Sam’s proudest achievements in Coalition leadership were insisting upon diversity and inclusiveness in The Coaltion and establishing a new and different relationship with the UCC national offices. He took trips to New York City in order to meet and work with denominational leaders. Former denominational president Paul Sherry’s address upon his departure noted that relations with The Coalition had become more business-like and official while nurturing collegiality. During a period of denominational restructuring, the question of where and how The Coalition fits in arose. Noting that LGBT persons are connected to the church in all aspects, Sam’s encouragement led to The Coalition being given a voting seat on each of the denomination’s five new ministries.
Sam’s Coalition leadership put him in places where he never expected to be, working with the UCC General Minister and President and other church leaders in the UCC and beyond. He participated in the first meeting of the National Gay & Lesbian Task Force’s National Religious Leaders Roundtable in Los Angeles. Sam played an important role in the Witness our Welcome conferences (2000 and 2003) and other ecumenical efforts. At the first WOW national event in 2000 he was recognized as one of the founders of the Welcoming Movement.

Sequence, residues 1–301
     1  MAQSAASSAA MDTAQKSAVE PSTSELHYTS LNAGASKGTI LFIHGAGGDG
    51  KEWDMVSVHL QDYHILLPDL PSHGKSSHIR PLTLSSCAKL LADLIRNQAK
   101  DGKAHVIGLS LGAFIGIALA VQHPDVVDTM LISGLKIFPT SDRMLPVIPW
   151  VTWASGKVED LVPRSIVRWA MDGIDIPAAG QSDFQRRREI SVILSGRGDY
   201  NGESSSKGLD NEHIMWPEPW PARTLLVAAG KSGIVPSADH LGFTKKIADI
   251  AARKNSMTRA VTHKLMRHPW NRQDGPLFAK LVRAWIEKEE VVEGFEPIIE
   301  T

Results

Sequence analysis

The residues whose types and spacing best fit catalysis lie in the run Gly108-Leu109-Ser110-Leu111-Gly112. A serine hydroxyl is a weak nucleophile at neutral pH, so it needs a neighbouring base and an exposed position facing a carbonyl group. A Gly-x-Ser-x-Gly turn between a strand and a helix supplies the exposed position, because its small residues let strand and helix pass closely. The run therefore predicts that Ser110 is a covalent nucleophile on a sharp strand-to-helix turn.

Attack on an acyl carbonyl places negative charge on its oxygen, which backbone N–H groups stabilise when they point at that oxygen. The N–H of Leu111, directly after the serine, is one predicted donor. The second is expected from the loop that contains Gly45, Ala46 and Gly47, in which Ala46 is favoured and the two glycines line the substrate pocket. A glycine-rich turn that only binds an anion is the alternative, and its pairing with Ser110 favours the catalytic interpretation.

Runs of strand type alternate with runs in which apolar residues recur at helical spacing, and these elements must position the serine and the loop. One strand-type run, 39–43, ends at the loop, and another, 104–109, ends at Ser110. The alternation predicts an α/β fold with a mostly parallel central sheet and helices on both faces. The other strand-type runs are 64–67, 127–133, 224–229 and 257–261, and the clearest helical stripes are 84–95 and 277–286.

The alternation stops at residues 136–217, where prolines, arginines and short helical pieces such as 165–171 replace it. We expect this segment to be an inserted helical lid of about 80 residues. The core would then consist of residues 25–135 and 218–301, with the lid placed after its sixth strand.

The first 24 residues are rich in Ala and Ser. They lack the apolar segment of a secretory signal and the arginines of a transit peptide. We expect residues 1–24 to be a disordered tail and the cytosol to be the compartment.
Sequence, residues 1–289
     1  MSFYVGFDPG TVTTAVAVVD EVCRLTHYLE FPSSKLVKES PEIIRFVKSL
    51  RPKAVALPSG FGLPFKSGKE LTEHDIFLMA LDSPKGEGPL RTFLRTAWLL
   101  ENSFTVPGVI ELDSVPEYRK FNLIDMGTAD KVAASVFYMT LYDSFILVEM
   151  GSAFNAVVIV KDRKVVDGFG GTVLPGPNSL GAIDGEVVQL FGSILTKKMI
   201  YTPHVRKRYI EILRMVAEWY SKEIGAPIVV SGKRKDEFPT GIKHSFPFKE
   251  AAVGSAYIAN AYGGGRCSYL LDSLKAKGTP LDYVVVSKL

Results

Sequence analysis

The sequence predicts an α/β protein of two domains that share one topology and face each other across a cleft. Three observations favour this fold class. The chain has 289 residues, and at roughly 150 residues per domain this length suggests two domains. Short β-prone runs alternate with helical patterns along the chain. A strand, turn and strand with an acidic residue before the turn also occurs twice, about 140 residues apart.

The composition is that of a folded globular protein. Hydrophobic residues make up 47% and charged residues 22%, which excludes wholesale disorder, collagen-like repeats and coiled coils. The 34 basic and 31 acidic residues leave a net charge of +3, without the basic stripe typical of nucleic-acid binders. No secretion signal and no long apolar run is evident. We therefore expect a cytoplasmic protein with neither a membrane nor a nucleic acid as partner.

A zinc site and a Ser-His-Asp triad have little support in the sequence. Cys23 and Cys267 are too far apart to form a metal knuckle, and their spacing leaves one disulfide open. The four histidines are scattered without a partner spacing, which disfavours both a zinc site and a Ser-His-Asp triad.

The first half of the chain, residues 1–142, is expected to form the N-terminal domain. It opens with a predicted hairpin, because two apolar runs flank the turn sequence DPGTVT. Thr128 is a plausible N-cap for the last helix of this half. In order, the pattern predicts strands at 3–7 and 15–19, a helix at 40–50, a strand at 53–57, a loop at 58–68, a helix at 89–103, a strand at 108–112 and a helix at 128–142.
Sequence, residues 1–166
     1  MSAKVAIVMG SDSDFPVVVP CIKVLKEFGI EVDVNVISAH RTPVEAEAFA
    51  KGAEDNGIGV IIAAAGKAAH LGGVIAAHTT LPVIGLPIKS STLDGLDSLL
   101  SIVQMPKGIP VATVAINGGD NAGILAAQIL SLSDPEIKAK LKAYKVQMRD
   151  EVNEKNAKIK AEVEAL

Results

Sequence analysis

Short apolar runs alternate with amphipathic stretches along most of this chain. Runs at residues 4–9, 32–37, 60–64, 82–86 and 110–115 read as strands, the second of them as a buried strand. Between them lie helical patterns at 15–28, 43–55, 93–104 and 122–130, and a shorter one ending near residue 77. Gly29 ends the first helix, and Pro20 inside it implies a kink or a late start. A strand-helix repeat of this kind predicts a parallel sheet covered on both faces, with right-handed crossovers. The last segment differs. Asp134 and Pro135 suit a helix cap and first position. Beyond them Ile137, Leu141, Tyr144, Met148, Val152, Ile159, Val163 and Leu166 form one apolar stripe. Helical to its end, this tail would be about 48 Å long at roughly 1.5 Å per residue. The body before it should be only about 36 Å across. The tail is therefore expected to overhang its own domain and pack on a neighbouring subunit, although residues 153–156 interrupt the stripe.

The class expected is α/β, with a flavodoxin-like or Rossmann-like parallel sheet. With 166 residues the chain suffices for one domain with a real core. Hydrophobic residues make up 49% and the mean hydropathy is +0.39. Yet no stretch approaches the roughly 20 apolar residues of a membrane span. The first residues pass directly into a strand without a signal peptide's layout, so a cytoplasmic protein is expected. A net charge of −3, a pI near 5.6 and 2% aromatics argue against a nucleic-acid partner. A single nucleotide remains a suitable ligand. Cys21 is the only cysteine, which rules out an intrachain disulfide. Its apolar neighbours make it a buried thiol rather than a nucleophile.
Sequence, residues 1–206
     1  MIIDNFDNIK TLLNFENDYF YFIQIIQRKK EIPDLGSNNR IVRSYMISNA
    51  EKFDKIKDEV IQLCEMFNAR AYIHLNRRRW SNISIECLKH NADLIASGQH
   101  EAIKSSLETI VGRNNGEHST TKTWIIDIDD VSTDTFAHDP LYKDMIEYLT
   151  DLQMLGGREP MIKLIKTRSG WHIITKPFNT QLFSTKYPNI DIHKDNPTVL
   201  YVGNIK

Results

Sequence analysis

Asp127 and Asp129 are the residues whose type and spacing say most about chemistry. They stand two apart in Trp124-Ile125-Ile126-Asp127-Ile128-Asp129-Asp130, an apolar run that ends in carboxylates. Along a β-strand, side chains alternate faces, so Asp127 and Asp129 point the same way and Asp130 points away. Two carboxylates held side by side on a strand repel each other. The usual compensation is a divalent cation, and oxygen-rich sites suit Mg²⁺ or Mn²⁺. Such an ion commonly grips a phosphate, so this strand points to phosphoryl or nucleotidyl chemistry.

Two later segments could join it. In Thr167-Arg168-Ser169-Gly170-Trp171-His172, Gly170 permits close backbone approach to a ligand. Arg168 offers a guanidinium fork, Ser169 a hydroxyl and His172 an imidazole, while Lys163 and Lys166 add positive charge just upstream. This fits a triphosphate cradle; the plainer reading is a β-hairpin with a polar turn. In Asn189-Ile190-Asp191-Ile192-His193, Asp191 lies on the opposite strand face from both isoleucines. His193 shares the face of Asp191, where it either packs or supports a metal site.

Loliger has been an active layperson in the UCC at Association, Conference and national levels by election to boards and councils, working groups, task forces, ad hoc committees and served as chair of the UCC’s Affirmative Action Council for a couple of years. He was elected conference delegate to the 1983 and 1985 General Synods. In all these settings he was “open and out” as a gay man.
Sam has been active in local and regional initiatives for LGBT and broader human rights. He served as co-convener of the Affirmative Action Committee at his college of employment. That group developed a policy prohibiting discrimination based upon sexual orientation before it was adopted in the whole SUNY system. He also served as advisor to the LGBT student/staff group and MASH (Make Aware and Serve the Handicapped) at NCCC.
Locally Sam served on the New York State Division of Human Rights Advisory Board and has held different leadership positions with HOME (Housing Opportunities Made Equal, a western New York agency promoting non-discrimination in housing). The latter continues to the present time. When hate-talk became prevalent on Buffalo talk radio, Sam became active with a group addressing this problem.
Sam is proud that he has been open and out since 1977 in all endeavors. Avocational pursuits include “stringer” journalism, reading, crossword puzzles, theatre and opera. Over the years Sam and Don have attended approximately 550 opera performances. Sam and Don each have four grandchildren that fill out their family. Sam died on January 2, 2014, following a lengthy illness.
(This biographical statement was written by Mark Bowman together with Sam Loliger.)